After a nearly full percentage point increase at the beginning of the year, the unemployment rate in Long Beach fell 0.4% in April, according to state data released Friday.

In December, the city’s unemployment reached a three-year low of 4.4%. By the end of February, however, the rate had jumped to 5.2%. The rate fell to 5% in March and again in April to 4.6%, according to California Employment Development Department data.

Los Angeles County followed a similar trajectory. After falling to 4.4% in December, the countywide unemployment rate rose to 5.3% in February. But the county has experienced a sharper decline than Long Beach, with unemployment falling to 4.5% last month.

Both the city and county saw their labor force, number of employed residents and number of unemployed residents all decrease from March to April, data shows.

The city’s labor force declined by 1,800 to 230,700, while the number of employed residents dropped by 900 to 220,300. During the same period, the number of unemployed residents in Long Beach dropped by 1,000 to 10,500.

Similarly, the county’s labor force shrunk by 43,300 to 4,990,800, while the number of employed and unemployed residents dropped by 17,700 and 25,600, respectively, to 4,765,300 and 225,500.

Of the county’s 124 cities and census-designated places (communities that were unincorporated during the most recent 5-Year American Community Survey), 80—or 64.5%—have a lower unemployment rate than Long Beach. Only 39 (31.5%) have a higher unemployment rate.

Four cities—Altadena, Huntington Park, Los Angeles and Rolling Hills Estates—have the same unemployment rate as Long Beach.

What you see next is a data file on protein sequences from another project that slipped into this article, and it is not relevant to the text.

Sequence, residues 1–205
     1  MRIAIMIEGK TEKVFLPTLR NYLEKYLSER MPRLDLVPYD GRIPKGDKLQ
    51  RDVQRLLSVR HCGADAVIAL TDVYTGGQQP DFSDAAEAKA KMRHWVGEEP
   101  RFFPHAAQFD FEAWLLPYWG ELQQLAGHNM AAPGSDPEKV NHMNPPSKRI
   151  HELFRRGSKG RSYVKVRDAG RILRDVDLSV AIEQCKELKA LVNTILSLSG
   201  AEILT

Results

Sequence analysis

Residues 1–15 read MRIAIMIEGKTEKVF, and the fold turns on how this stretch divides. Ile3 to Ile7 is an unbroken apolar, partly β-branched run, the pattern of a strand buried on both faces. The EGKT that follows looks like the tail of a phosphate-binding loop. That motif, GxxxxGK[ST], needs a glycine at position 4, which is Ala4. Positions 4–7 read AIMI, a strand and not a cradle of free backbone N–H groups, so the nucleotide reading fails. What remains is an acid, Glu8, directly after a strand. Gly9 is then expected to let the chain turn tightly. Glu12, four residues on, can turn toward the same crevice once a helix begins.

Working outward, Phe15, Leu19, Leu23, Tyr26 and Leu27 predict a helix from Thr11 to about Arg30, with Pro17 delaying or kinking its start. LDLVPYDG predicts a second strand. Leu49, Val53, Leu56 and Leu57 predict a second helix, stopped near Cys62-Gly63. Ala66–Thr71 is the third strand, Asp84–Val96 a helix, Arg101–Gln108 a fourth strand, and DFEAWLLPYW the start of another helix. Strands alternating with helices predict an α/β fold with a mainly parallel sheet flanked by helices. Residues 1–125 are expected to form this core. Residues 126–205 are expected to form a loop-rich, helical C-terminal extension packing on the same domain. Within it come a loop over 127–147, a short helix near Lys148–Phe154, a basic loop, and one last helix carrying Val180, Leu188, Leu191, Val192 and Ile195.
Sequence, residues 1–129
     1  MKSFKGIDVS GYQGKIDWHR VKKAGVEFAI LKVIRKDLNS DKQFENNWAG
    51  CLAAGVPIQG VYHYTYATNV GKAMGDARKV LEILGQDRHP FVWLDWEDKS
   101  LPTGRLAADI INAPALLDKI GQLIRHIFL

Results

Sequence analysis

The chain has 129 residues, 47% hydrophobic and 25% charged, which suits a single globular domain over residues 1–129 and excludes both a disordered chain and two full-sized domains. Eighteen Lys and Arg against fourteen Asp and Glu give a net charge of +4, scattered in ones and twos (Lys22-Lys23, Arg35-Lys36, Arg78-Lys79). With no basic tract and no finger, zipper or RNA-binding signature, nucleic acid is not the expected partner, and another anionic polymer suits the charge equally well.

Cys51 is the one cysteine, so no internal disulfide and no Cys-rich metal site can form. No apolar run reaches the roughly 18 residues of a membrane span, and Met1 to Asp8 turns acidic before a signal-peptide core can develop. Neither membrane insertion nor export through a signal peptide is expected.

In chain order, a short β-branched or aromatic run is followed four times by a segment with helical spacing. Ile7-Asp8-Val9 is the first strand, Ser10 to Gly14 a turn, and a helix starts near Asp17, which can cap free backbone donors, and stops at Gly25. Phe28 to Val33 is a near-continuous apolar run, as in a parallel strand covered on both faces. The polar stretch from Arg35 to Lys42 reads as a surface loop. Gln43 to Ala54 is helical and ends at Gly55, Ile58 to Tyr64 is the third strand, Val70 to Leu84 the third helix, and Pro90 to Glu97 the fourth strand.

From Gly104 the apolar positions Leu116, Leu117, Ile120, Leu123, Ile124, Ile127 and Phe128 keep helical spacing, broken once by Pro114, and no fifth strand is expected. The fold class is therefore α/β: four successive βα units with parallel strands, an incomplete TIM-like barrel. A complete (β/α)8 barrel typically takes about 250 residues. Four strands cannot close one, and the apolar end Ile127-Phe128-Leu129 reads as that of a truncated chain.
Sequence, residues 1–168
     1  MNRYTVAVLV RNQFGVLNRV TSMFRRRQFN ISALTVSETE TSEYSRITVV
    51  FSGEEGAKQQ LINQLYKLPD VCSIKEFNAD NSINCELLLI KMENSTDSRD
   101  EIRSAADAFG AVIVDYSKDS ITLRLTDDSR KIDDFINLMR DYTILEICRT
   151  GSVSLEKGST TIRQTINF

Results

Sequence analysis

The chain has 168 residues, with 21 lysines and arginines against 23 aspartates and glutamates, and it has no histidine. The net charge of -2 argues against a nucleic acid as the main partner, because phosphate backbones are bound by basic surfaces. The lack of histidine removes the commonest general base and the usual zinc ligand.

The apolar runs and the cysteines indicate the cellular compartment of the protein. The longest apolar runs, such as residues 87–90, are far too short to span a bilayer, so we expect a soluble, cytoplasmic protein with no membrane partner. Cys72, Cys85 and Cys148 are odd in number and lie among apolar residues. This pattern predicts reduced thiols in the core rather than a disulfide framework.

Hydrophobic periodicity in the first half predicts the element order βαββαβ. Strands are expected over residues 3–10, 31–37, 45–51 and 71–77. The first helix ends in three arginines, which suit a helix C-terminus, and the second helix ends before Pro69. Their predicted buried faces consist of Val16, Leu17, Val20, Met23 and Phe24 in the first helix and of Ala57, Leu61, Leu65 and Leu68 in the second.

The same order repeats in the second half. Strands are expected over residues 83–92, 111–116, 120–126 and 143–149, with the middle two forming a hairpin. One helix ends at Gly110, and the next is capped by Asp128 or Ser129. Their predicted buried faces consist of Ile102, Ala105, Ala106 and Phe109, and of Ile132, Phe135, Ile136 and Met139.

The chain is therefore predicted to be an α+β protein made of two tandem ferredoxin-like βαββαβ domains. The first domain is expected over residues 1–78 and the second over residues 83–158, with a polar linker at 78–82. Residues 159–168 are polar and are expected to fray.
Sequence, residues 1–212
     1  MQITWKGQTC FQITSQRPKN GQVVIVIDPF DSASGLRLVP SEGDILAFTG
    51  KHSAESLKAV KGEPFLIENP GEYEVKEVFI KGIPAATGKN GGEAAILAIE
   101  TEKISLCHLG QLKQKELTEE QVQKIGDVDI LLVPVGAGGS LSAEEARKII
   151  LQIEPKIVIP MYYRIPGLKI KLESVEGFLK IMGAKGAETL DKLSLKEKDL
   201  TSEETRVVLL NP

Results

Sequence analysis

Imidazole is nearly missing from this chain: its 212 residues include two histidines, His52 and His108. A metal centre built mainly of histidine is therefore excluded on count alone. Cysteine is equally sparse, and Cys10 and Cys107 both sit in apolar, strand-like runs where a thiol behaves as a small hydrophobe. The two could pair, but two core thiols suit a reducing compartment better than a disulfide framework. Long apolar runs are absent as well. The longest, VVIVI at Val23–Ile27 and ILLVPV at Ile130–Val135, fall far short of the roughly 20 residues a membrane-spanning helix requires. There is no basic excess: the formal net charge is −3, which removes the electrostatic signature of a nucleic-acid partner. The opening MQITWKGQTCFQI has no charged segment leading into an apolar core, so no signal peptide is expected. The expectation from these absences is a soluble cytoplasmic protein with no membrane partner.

Private education and health services led the countywide job gains month-over-month, according to EDD data, adding 9,000 positions. Leisure and hospitality also posted gains, adding 6,300 jobs. Trade, transportation and utilities, professional and business services, information, financial activities, construction, government, other services, and manufacturing all also saw increased payroll.

Mining and logging remained flat.

At the state level, meanwhile, unemployment dropped to 4.3% in April, EDD data shows—still elevated relative to the national 3.4% rate. According to analysis from Beacon Economics, as of April, the state recovered all jobs that were lost in March and April at the onset of the coronavirus pandemic.

Health care led the state in job growth, accounting for more than 1 in 4 (18,200) of the positions added in April, according to Beacon. Leisure and hospitality also posted big gains, adding 13,100 jobs.

Payrolls decreased in only two sectors, according to Beacon, but they were minor: wholesale trade (down 900) and mining and logging (down 100).

“California accounted for roughly one-quarter of the jobs added in the nation during April,” Taner Osman, research manager at Beacon, said in a statement. “Despite all the talk of tech-sector lay-offs, the state’s economy has had a strong start to the year, adding jobs at a quicker rate than the nation as a whole.”